Family Law Attorney Advice: Domestic Violence And Restraining Orders 

Domestic Violence And Restraining Orders 

Family Law Attorney Advice: Domestic Violence And Restraining Orders Domestic violence survivors can protect themselves from further abuse by using criminal and civil protection or restraining orders. These orders may not necessarily prevent a stalker or abuser from hurting a victim or making them uncomfortable. However, they permit victims to have the stalker or abuser arrested whenever the order is violated.  

Attorneys at SBEMP (Slovak, Baron, Empey, Murphy & Pinkney) law firm provides professional legal advice and services to clients in Palm Springs, Palm Desert, Rancho Mirage, Inland Empire, Orange County, Coachella Valley, Costa Mesa, San Diego, New Jersey, New York, and surrounding communities. 

Emergency Protection Orders (EPO) 

Police can provide victims an Emergency Protection Order (EPO) in some states. This is short-term protection given to a domestic violence victim by the magistrate or police when their abuser gets arrested. EPO is typically for a specified limited period, like seven days. This helps the victim request for a long-term protection order.  

Protection Orders 

Protection order is prevalent in all 50 states and the District of Columbia through separate statutes even if the states may have different names for this order. For instance, New York, Illinois, and Texas may call them protection orders, but Florida calls the same thing an injunction for protection against domestic violence, and California labels it as a restraining order.  

Protection orders are separate from EPO because they are for a longer period, generally 1 – 5 years. In extreme circumstances, they may be valid for the entirety of a lifetime as well. You would need to file the necessary legal papers to obtain a protection order. You would also be required to follow required state law for evidence presentation at your hearing. 

Sometimes, the police can serve papers to the abuser on behalf of the victim. Few states include custody and visitation rights for children of the abuser and victim as part of the protection order. These are always temporary and can be modified by future family court orders, like divorce.  

Restraining Orders 

Restraining order refers to an order that requires all parties to a lawsuit to either do or not do certain action. Restraining orders can be called into force because of family law disputes, such as divorce or any other civil lawsuit.  

Consequences of Protection Orders Violation 

Protection order violations can be dealt in three ways: as a misdemeanor, felony, or contempt of court. Felony charges are almost always reserved for serious or repeat violations. Certain violations are considered both as a new domestic violence charge and contempt of court. In California, these types of instances are related to double jeopardy. Police policy in most states is to automatically arrest the violators.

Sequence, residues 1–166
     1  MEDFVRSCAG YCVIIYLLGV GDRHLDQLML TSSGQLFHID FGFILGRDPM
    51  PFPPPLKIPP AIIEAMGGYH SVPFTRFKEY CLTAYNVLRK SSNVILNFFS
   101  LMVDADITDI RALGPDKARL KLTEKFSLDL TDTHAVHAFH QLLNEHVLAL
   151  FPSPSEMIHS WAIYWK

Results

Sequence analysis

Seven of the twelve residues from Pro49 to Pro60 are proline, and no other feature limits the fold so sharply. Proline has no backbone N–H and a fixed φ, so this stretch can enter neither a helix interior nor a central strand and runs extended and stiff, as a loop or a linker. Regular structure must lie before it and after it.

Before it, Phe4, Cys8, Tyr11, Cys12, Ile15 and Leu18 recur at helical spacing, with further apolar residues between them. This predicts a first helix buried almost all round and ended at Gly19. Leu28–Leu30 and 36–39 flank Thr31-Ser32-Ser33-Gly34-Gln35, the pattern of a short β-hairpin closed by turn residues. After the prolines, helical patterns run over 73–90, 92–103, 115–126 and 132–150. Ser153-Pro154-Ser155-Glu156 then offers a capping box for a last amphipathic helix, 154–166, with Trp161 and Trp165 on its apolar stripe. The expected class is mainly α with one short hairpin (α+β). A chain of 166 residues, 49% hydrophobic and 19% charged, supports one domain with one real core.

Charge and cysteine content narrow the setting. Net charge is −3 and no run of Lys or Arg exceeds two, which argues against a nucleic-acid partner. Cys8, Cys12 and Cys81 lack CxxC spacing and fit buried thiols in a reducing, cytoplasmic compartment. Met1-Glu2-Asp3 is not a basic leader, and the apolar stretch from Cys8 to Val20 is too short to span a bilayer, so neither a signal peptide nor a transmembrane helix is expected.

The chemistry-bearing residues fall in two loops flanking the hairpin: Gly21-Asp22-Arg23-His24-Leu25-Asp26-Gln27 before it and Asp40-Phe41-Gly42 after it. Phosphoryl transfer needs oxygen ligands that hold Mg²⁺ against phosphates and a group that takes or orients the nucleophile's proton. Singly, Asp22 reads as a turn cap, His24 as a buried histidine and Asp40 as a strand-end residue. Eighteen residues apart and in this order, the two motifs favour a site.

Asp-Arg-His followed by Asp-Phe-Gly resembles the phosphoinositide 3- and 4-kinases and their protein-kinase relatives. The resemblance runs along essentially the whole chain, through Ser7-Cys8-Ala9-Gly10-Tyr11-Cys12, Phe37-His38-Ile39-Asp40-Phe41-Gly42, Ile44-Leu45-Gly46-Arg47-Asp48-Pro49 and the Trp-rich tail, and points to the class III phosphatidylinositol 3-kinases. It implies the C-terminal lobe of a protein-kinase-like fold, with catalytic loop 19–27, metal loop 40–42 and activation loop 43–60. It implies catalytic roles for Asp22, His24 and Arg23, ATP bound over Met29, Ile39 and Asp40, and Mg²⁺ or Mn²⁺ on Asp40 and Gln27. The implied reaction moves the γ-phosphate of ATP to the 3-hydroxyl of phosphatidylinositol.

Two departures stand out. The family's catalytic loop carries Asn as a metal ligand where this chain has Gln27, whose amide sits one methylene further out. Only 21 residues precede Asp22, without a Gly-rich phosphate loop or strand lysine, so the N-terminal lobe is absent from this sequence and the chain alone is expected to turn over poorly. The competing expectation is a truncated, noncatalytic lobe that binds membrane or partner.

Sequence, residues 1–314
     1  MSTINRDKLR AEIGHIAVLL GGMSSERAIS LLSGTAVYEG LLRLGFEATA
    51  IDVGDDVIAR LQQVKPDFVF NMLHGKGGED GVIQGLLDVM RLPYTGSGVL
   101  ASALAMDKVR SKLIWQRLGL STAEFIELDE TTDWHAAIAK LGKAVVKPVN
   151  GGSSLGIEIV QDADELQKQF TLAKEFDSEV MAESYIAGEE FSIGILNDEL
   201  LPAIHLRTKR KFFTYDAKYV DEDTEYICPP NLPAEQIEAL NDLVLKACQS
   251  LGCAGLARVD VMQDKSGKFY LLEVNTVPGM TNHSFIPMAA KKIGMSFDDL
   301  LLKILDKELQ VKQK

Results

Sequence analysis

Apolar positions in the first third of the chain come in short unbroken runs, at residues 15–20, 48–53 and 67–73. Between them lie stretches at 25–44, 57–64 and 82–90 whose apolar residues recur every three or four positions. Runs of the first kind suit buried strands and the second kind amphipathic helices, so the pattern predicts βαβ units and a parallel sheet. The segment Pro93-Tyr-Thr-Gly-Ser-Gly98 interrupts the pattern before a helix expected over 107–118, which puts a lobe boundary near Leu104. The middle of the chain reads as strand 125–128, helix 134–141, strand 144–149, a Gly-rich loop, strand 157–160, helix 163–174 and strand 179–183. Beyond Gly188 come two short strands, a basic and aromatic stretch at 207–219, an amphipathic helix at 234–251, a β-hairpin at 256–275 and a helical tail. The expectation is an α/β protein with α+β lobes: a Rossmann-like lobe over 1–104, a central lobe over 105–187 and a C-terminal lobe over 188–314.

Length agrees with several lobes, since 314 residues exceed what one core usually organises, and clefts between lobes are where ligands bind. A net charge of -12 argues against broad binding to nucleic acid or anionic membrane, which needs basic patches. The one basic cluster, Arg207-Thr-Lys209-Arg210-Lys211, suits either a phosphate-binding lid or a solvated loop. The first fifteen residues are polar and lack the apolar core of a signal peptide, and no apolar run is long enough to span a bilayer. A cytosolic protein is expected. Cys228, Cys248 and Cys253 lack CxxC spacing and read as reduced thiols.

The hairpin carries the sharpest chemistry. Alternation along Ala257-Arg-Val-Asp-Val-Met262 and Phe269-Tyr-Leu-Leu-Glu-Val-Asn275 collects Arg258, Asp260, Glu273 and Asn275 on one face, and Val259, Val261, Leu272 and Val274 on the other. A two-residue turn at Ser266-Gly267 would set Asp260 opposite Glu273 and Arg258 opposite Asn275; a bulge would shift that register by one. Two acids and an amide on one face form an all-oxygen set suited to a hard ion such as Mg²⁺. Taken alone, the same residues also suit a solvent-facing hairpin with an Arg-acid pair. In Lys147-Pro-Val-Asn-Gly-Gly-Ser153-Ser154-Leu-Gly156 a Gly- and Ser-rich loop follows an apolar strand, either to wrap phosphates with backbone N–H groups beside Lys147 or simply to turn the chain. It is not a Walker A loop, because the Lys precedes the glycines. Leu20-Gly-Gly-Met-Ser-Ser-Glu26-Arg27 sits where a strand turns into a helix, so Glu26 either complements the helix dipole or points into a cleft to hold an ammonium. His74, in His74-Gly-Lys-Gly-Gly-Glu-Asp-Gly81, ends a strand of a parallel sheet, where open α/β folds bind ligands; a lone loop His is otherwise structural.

Enforcement of Protection Orders in Different States 

Domestic violence survivors have the remedy to move as part of a legal plan to protect them from a former abuser. The federal law and the Full Faith & Credit Clause of the Constitution require all valid orders of protection to be enforced in the state where it is issued and all other states and territories belonging to the United States. 

Lawyers at the SBEMP law firm serve clients from Palm Springs, Palm Desert, Rancho Mirage, Inland Empire, Orange County, Coachella Valley, Costa Mesa, San Diego, New Jersey, New York, and nearby locations for a range of legal practice areas.   

Have any legal questions? Contact the Attorneys at SBEMP Law Firm: 

For more information or to request a consultation please contact the law offices of SBEMP (Slovak, Baron, Empey, Murphy & Pinkney) by clicking here. 

SBEMP LLP is a full service law firm with attorney offices in Palm Springs (Palm Desert, Inland Empire, Rancho Mirage, Indian Wells), CA; Indian Wells, CA; Costa Mesa (Orange County), CA; San Diego, CA; New Jersey, NJ; and New York, NY.

DISCLAIMER: This blog post does not constitute legal advice, and no attorney-client relationship is formed by reading it. This blog post may be considered ATTORNEY ADVERTISING in some states. Prior results do not guarantee a similar outcome. Additional facts or future developments may affect subjects contained within this blog post. Before acting or relying upon any information within this newsletter, seek the advice of an attorney.

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